— Blackwood's Edinburgh Magazine, Volume 62, Number 385. November, 1847. • Various

... it the moon's distorted face? The ghost-like image of a cloud? Is it a gallows [53] there portrayed? Is Peter of himself afraid? Is it a coffin,—or a ...
— The Poetical Works of William Wordsworth, Vol. II. • William Wordsworth

... who can be assigned to no recognized type—who flocks by himself, as the saying is—cannot easily be portrayed: we lose the main design in our struggle with the details. Indeed, no two portraits of such a man can be alike: they will vary according to the temperament and limitations of the painter. It is safe to assert, however, that insatiable ...
— Library Of The World's Best Literature, Ancient And Modern, Vol. 5 • Various

... wish, or even to think of him with satisfaction in reference to the idea of what a warrior ought to be. For the sake of such of my friends as may happen to read this note I will add, that many elements of the character here portrayed were found in my brother John, who perished by shipwreck, as mentioned elsewhere. His messmates used to call him 'the Philosopher;' from which it must be inferred that the qualities and dispositions ...
— The Prose Works of William Wordsworth • William Wordsworth

... whole, but all must accept the poem as embodying the life and feelings of our Forefathers who dwelt in North Germany on the shores of the North Sea and of the Baltic. The life depicted, the characters portrayed, the events described, are such as a simple warrior race would cherish in tradition and legend as relics of the life lived by their ancestors in what doubtless seemed to them the Golden Age. Perhaps stories of a divine Beowa, hero and ancestor of the English, became merged ...
— Hero-Myths & Legends of the British Race • Maud Isabel Ebbutt

... conscious of receiving a further, and not less painful impression. For Richard's face was very still, not with the stillness of repose, but with that of fierce emotion held resolutely in check, while in his eyes was a desolation rivalling that of the eyes portrayed by the great Spanish artist upon ...
— The History of Sir Richard Calmady - A Romance • Lucas Malet

... society—to invade the general rights of property—and are most essentially criminal, if they have a tendency to produce the dreadful results charged in the indictment. But bad as the tendency of those writings may be, and unquestionably are, if truly portrayed in the indictment, I know not how much less danger would result, if, led away by our feelings, we bend the rules and principles of law from expediency, or the supposed political necessity of convicting the accused. The present crisis may pass without leaving any dangerous ...
— The Trial of Reuben Crandall, M.D. Charged with Publishing and Circulating Seditious and Incendiary Papers, &c. in the District of Columbia, with the Intent of Exciting Servile Insurrection. • Unknown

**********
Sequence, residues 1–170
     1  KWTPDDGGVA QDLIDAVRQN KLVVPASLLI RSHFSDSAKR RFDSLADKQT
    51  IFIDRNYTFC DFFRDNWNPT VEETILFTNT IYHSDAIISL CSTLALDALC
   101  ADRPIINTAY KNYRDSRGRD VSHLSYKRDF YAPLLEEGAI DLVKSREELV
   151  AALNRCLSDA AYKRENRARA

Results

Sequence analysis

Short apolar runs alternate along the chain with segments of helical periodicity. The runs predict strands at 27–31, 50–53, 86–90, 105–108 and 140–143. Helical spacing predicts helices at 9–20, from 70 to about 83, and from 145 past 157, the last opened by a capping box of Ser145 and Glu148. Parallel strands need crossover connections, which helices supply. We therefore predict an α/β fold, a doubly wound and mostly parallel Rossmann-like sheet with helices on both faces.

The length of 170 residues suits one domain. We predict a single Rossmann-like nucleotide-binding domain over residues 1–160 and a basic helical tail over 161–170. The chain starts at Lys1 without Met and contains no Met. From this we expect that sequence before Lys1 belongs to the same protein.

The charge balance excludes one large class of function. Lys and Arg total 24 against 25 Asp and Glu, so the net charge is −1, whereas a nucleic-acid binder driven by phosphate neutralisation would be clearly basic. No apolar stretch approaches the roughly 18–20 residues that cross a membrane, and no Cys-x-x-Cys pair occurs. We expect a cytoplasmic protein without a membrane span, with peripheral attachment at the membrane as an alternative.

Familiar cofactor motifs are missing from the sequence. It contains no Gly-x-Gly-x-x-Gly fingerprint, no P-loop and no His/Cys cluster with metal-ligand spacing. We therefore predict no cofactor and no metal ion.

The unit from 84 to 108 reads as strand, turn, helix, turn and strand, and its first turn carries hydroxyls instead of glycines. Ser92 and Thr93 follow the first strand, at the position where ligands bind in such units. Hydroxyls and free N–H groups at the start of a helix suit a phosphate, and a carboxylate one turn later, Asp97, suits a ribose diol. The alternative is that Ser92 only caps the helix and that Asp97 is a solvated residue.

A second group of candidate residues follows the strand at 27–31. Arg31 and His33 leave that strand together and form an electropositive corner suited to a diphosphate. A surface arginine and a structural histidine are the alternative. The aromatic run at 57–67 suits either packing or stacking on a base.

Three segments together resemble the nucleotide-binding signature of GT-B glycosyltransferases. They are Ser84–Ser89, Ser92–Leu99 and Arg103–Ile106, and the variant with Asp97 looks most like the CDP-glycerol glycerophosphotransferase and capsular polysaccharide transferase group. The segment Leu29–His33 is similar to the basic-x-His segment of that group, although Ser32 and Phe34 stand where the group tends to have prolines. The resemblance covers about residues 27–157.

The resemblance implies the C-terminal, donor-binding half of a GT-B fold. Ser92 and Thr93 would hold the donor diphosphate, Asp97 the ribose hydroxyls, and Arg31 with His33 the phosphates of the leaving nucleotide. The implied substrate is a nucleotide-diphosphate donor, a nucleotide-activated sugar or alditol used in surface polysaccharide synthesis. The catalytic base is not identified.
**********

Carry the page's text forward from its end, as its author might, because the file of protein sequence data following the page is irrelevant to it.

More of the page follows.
... we pass back again is a mural memorial to Sir John Franklin, the discoverer of the North-West Passage. The loss of himself and of his brave crew amidst impenetrable walls of snow and ice is portrayed upon it; beneath is an oft-quoted epitaph by Tennyson—lines which stir the hearts of all who pause ...
— Westminster Abbey • Mrs. A. Murray Smith

... body as portrayed by classical art is not represented in its mere physical existence, but solely as the natural and sensuous form and garb of mind; it is therefore divested of all the defects that belong to the merely sensuous and of all the finite contingencies that appertain to the phenomenal. ...
— The German Classics of The Nineteenth and Twentieth Centuries, Vol. VII. • Various

... itself. The sum due my Dear Madeline for "board," at two dollars and a half per week, though I trusted it was some compensation for the merely temporal advantages to be enjoyed in Wallencamp, did not appear as an astounding aggregate. The list of "minor details" was well portrayed, and presented an aspect of clear ...
— Cape Cod Folks • Sarah P. McLean Greene

... look like what we should fancy them, namely, with wig, and nightcap, and plush small-clothes, and with waistcoat and coat buttoned up to the chin. No, grandfather's great-grandfather may look like that, and has been thus portrayed, but the "pepper gentry" had no superfluous means, and accordingly did not have their portraits taken; though, indeed, it would be interesting now to have a picture of one of them, as he stood behind ...
— What the Moon Saw: and Other Tales • Hans Christian Andersen

... became Bishop of Winchester, and was known as Swithun. He was canonised, and somehow there has grown a legend that if it rains on Saint Swithun's day it will rain for forty days after that. He is portrayed as rather a portly monk in this story, but his effigy in Winchester Cathedral shows him as a very slight man. There is another story about him which makes him out to be rather a small man, who couldn't reach the key-hole of the cathedral, ...
— The King's Sons • George Manville Fenn